Wednesday, November 20, 2013

Financial Literacy Lessons

Recently, I collaborated with the local YWCA and held a one-day workshop on financial empowerment. I was surprised by the number of women who showed up, namely because it was a Saturday morning with shorter daylight hours now that the winter is approaching. 

As I stated in a prior post, many women appear either unwilling or unable to take advantage of economic empowerment causes. The reasons vary from lack of time to self-pronounced ability to manage their finances. Many of these women are sincere, time is a precious commodity when there are kids and jobs involved, especially on the weekend. And for those women who can manage their own money, good for them. 

The workshop was divided into eight topics. The goal was to show women that not only was it important to understand how to save and budget, but also how critical it is to be financially organized. We began our day discussing how to build a wealth center at home. This includes gathering all financial information and documents and organizing them in a manner that makes it accessible. It also includes safekeeping private info and protecting it from hacking. There are several methods to choose from, eother electronic or manually documentation and storage. What matters is that women choose a method that works for them. 

We then moved on to budgeting, saving, and most importantly, how insurance can also help women save money. We evaluated when it was important to buy into insurance by looking at a risk management matrix. The two criteria used to determine whether insurance was worth the expense was frequency and recurrence of risk. The bottom line is that saving money is not always about putting money away for uncertain times, but also incurring expenses to protect ourselves and loved ones from extraordinary losses later.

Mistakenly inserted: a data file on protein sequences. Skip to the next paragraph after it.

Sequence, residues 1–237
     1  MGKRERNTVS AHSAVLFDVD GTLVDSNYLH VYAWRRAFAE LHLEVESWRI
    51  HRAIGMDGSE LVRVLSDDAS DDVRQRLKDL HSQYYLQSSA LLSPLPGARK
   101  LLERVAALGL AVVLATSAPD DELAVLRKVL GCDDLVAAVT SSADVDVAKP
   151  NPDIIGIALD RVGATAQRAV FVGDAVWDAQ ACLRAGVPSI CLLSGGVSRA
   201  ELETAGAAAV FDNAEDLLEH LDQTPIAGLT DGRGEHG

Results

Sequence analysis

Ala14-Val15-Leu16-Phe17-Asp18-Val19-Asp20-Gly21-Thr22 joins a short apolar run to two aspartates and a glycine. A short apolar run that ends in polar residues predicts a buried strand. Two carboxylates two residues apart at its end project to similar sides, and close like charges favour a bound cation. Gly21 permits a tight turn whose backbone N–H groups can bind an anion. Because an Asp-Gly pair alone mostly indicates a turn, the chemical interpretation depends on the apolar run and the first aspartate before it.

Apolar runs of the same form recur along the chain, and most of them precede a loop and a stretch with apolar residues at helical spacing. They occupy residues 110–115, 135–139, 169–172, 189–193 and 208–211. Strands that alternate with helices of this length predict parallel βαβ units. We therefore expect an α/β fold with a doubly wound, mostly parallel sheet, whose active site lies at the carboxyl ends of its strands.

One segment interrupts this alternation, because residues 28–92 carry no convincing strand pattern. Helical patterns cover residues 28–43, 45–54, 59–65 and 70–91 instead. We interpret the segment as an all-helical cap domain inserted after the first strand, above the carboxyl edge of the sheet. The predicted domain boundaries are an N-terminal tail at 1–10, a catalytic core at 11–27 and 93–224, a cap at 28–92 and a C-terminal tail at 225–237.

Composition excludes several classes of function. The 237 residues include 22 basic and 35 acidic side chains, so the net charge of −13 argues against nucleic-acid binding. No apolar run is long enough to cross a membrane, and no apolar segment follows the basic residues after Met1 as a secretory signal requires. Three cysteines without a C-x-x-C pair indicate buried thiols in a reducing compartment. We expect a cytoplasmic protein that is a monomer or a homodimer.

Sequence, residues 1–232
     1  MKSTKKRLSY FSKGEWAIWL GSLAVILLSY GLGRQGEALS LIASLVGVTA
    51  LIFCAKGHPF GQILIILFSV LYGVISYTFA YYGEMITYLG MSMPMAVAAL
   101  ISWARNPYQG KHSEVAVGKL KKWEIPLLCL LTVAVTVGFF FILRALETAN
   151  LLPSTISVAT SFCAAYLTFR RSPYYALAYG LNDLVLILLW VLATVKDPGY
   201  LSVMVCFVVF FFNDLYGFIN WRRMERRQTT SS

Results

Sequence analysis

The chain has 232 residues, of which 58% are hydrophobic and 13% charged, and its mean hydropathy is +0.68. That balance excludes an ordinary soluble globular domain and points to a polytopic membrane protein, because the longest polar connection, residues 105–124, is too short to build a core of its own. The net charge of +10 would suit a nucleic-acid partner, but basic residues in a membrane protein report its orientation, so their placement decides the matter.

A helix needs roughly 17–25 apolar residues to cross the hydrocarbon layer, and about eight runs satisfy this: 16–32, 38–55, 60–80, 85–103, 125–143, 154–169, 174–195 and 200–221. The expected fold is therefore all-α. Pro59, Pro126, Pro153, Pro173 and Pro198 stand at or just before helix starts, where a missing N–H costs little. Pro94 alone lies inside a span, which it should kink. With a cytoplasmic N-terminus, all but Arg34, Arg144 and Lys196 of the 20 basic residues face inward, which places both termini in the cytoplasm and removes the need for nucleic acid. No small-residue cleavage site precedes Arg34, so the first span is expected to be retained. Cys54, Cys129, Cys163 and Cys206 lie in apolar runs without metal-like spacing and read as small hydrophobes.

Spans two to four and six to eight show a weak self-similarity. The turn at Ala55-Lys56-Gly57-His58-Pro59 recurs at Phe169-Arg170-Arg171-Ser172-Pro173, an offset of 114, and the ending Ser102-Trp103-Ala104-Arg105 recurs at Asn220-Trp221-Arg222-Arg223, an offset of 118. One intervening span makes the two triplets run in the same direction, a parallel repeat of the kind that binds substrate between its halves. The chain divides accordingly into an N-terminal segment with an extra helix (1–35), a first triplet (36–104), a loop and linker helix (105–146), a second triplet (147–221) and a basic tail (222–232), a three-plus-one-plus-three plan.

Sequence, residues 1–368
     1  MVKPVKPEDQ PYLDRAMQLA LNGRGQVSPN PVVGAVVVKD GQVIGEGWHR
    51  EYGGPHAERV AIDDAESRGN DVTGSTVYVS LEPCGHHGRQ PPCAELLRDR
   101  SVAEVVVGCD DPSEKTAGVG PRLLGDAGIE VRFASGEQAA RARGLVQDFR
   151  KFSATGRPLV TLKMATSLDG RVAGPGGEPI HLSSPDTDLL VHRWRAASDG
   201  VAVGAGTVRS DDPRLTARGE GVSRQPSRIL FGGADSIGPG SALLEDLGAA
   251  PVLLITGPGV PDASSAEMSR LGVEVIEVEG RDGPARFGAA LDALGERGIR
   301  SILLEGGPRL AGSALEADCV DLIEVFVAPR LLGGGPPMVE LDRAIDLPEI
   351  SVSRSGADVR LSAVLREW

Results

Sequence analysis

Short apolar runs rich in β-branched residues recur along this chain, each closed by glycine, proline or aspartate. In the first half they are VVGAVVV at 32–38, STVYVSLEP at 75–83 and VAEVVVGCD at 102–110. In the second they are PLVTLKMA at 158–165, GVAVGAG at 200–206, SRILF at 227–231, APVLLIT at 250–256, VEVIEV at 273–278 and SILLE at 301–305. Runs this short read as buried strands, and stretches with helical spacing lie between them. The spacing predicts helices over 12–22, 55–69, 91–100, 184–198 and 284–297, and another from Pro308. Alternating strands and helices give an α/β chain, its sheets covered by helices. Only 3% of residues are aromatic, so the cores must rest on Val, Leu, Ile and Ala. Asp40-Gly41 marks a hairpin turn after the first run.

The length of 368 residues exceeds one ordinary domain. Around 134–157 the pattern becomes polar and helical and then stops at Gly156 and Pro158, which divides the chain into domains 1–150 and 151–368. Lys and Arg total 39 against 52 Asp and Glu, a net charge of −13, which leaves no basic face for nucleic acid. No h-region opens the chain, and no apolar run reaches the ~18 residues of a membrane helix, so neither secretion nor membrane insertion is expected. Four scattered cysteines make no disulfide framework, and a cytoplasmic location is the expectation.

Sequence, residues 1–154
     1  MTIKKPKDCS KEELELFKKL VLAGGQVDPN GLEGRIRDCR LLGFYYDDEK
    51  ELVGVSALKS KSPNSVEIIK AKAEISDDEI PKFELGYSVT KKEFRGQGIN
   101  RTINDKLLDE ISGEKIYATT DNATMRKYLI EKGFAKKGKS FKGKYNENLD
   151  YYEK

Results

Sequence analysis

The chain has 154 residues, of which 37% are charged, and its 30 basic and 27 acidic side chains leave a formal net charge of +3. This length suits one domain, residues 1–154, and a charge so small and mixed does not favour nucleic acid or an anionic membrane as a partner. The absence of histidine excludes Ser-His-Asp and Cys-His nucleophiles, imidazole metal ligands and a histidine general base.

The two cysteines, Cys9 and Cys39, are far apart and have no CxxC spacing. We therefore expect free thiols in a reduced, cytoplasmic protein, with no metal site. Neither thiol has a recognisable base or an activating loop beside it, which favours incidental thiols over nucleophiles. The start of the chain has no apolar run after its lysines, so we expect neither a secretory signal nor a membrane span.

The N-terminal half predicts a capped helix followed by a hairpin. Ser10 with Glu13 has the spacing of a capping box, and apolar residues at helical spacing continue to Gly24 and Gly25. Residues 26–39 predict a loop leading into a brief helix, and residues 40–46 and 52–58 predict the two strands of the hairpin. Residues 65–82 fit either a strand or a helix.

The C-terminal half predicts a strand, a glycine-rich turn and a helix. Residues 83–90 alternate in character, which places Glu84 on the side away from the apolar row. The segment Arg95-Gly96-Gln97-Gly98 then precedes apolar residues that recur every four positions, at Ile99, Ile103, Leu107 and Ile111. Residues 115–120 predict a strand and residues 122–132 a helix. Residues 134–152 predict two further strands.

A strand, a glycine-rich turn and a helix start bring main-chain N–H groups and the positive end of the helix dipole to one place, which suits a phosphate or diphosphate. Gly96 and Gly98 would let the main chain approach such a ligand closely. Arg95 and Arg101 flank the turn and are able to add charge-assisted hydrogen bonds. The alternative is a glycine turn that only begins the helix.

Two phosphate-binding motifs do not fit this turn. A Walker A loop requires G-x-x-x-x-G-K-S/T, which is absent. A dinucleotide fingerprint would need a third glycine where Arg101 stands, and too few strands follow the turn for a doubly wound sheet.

We then progressed to savings strategies, looked at various options, and what qualities to look for in a bank. We ended the rather long day talking about professional building and ways to influence our children to love literacy, including in finance and economics. 

As is expected in a teaching environment, I learned from my students that day. Women are phenomenal beings, always ready to sacrifice their resources for improvement. We are willing and dedicated to make change, especially when our loved ones can benefit from that change.  

Research shows that as more women become literate in core abilities, such as reading and  money management, they are morewilling  to pass that knowledge down to the kids and narrow that illiteracy gap. Not sure what men do with that knowledge.  I also learned that although resources are available, many women are not really sure how to use them to their advantage. What they need are more professionals willing to dedicate spare time to demonstrate how. Since many women have and continue to interrupt their own careers and jobs to care for families, having the money to pay for professional advice is a splurge they can't afford. 

The purpose of this workshop was never to make experts out of these women in one day, but mainly to direct them to the resources and tools available to them, many open and free to women so they can get their financial affairs in order. Thanks to the collaboration of many organizations, and the professionals committed to the literacy cause, plus the various governmental services available, that is more a realty than a goal now. 

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